California Gov. Gavin Newsom’s proposed budget cuts include canceling billions of dollars in climate change spending, a blow to environmental advocates who look to the state as a stopgap for the Trump administration’s weakening of federal protections.
In January, Newsom proposed a $12 billion “climate budget” that, over the next five years, would offer incentives for companies to convert to electric vehicles, give low-interest loans to businesses to clean up their practices and spend billions on projects preparing for floods, droughts and wildfires.
But Thursday, Newsom proposed eliminating most of the foundation for those programs to balance a budget that will have an estimated $54.3 billion deficit. The economic downturn has been brought by a statewide stay-at-home order to limit the spread of the coronavirus. The order has closed most businesses for two months, putting more than 4.5 million people out of work and sending state tax collections plummeting.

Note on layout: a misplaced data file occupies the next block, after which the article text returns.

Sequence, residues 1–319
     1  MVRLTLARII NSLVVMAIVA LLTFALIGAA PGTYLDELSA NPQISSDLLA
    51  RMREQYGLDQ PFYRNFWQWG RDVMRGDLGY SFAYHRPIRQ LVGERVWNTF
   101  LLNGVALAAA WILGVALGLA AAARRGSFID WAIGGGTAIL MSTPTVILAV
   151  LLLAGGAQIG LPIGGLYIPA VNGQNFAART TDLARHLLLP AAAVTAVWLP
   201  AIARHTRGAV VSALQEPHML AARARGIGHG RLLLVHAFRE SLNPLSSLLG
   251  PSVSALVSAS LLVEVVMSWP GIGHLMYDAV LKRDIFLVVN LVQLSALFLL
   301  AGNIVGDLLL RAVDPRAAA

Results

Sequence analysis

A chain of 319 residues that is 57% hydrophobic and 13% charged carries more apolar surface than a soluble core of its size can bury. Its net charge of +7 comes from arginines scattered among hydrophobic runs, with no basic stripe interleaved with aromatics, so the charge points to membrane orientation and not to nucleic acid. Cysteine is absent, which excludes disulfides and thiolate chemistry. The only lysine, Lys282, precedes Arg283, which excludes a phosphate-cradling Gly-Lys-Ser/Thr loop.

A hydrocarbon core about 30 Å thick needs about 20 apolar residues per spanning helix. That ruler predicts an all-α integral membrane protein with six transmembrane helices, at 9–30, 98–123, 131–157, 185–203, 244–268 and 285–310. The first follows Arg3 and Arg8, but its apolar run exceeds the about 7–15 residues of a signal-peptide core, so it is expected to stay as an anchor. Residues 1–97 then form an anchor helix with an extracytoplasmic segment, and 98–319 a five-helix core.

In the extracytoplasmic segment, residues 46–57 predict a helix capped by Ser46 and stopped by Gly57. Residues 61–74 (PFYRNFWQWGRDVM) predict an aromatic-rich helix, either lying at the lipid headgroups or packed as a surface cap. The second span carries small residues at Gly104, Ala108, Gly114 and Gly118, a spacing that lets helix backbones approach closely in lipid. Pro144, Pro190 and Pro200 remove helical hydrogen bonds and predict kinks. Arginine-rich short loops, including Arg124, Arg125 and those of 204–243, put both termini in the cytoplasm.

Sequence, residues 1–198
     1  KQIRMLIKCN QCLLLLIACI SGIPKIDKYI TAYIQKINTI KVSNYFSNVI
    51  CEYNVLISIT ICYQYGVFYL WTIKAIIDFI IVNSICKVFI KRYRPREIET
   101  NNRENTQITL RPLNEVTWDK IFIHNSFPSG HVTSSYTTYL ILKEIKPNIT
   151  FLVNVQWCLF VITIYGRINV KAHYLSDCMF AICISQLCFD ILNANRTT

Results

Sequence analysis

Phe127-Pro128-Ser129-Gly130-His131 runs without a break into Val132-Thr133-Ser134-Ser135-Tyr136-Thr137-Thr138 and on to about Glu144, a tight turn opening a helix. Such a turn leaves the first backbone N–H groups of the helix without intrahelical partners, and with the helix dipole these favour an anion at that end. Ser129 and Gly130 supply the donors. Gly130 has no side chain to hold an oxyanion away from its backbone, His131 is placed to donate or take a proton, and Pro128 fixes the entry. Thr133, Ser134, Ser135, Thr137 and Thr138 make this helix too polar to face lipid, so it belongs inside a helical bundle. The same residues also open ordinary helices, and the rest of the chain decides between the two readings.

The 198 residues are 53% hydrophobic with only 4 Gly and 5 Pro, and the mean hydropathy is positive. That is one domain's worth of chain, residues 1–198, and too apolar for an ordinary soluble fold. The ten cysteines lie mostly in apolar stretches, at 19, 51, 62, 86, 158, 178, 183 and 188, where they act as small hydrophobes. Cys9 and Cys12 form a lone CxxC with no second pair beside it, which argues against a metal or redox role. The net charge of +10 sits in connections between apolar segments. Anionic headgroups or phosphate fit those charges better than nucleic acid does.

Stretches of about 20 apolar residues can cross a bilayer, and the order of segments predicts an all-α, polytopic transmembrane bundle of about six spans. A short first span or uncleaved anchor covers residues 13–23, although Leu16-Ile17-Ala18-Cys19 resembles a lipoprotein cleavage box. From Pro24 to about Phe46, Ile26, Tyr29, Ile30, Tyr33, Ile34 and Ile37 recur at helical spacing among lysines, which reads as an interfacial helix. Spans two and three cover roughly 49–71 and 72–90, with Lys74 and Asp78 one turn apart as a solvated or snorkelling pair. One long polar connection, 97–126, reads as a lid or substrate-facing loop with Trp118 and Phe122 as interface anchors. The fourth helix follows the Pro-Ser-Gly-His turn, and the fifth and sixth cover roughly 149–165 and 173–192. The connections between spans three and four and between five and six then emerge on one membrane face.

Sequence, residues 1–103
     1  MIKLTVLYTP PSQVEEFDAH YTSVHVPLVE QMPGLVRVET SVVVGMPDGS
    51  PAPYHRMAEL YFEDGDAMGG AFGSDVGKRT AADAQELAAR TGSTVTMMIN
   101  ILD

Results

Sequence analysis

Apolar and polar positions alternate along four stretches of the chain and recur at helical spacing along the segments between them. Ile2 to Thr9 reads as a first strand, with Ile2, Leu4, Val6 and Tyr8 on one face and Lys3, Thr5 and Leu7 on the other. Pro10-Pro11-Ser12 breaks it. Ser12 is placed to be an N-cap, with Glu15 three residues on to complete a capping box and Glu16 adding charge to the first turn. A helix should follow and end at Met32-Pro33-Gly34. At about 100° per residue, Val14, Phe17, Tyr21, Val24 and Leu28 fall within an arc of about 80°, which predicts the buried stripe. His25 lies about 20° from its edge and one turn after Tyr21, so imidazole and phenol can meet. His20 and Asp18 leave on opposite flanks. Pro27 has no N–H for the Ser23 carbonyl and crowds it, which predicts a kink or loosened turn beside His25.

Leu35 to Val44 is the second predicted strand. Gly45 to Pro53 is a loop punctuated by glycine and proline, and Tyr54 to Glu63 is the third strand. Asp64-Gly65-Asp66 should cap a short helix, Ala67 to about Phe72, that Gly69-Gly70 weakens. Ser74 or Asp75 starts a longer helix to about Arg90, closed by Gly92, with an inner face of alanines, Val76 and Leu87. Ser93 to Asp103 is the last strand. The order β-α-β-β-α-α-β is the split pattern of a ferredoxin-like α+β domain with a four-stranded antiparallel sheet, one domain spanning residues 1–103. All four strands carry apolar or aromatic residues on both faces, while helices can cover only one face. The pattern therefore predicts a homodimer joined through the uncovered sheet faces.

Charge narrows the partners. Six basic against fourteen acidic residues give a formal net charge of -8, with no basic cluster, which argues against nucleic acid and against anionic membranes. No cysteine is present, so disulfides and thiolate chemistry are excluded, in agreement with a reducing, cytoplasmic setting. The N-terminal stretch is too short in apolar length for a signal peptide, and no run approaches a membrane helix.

The proposed cuts come as the state is battling the Trump administration over water quality and auto emissions, among other environmental issues.
“At a time when the Trump administration is mounting an unprecedented assault on environmental and public health protection, it’s absolutely devastating and horrifying,” said Kassie Siegel, director of the Climate Law Institute at the Center for Biological Diversity.
The Newsom administration says the cuts represent “unprecedented times” that have forced the state to “make sacrifices that we didn’t think six months ago we would have to do.” The administration chose to protect programs to clean up the air in disadvantaged communities and to provide safe drinking water.
“All the leaders around the world from Germany to Denmark to Japan are all suffering similar economic fates,” said Jared Blumenfeld, secretary of the California Environmental Protection Agency. “What California is doing is prioritizing and making sure, as the governor said, our values come first.”